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Your First Telescope
"How big is too big?"

Ed Ting

Avoiding "Aperture Fever"

Audiophiles have a saying that goes something like this: The stereo system which reveals the most music to you is the one you use the most.

For most of us, that's our car stereo.

Astronomy is a lot like that. The probability that a telescope will be used is inversely proportional to its size. This seems to apply to just about everyone, regardless of experience.

I've carried on a correspondence with a fellow astronomer. He has an 18" "Luxo-Dob", I have a tiny TeleVue Ranger. Our conversations tend to go something like this:

Me: So, did you see Saturn last night?
Him: No, it was too cold out to go observing.
Me: Oh.
Him: But my 18" dob blows your puny little 2.7" refractor out of the water, you teeny dweeb!

OK, so maybe it doesn't go exactly like that, but you get the idea. Sure, he's got me whipped on aperture, but I got in 2.7" worth of observing that night, and he got in zero.

Little scopes get used more often, and thus show you more. Your Luggability Tolerance may be different from mine, however, and that's where visiting public star parties becomes an invaluable experience.

The star parties also come in handy when I DO want to look through a big scope. I just look through someone else's. This way, I get my share of "big gun" observing time and I don't have to deal with the hassle of set up and break down.

One more issue on this topic, and then we'll move on. Large aperture scopes are more easily affected by sky glow (the light pollution thrown up into the sky by civilization.) Sure, a 12" scope will gather more light than a 6", but the 12" will also gather a lot more sky glow, giving a yellowish, brown tint to your images. In severe cases, you won't be able to see anything through the brown, muddy glow.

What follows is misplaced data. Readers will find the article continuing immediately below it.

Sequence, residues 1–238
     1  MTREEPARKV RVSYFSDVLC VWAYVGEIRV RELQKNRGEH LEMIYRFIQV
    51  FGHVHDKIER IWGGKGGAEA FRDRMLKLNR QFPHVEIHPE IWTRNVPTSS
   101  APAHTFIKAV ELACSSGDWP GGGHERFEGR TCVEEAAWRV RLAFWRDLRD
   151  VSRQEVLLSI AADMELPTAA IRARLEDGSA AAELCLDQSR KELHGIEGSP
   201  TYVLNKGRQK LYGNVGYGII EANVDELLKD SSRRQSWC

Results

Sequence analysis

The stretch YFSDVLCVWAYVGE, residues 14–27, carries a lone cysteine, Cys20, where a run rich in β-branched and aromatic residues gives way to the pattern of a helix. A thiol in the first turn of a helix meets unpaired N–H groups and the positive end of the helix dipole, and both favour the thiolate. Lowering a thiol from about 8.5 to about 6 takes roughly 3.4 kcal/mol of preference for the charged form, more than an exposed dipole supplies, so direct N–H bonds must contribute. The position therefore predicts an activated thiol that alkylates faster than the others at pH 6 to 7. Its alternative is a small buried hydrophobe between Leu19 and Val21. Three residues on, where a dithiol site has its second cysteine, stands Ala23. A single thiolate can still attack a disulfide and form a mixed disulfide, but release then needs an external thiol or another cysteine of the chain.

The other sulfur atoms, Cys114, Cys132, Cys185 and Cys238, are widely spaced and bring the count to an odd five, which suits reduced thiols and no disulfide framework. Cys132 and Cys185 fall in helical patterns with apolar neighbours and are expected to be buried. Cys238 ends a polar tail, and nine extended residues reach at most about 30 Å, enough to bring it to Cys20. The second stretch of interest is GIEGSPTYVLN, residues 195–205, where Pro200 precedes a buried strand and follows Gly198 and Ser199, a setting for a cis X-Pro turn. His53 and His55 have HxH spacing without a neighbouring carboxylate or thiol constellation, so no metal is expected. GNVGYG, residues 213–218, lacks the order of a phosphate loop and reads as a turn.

In other words, there is an aperture limit, at any given observing site, beyond which you will not be making any further gains. You'll just be capturing more sky glow. In most suburban back yards and driveways, that limit is right around 6". In my driveway in rural New Hampshire, that limit is closer to 10". If you have access to some really dark skies, count yourself lucky. A large aperture scope can richly reward when you take it there.

Update, 12/99: I have recently learned to dodge this "bulk" issue with larger telescopes by placing them on rolling platforms with lockable castors. Go to your local lumber yard/hardware store and get 3/4"-1" plywood and four castors. Don't skimp on the quality of the castors; get the good ones. Also remember to use lock washers or the nuts will eventually work themselves loose.

I can leave the 20" Obsession fully assembled in my garage, and when I want to use it I just roll the whole thing outside. I can be observing in less than 5 minutes. There is something rather nice about kicking a 20" Dob out the door and observing with it within a couple of minutes while your friends are still assembling their small equatorial mounts. This works so well, I built platforms for the rest of my scopes as well.

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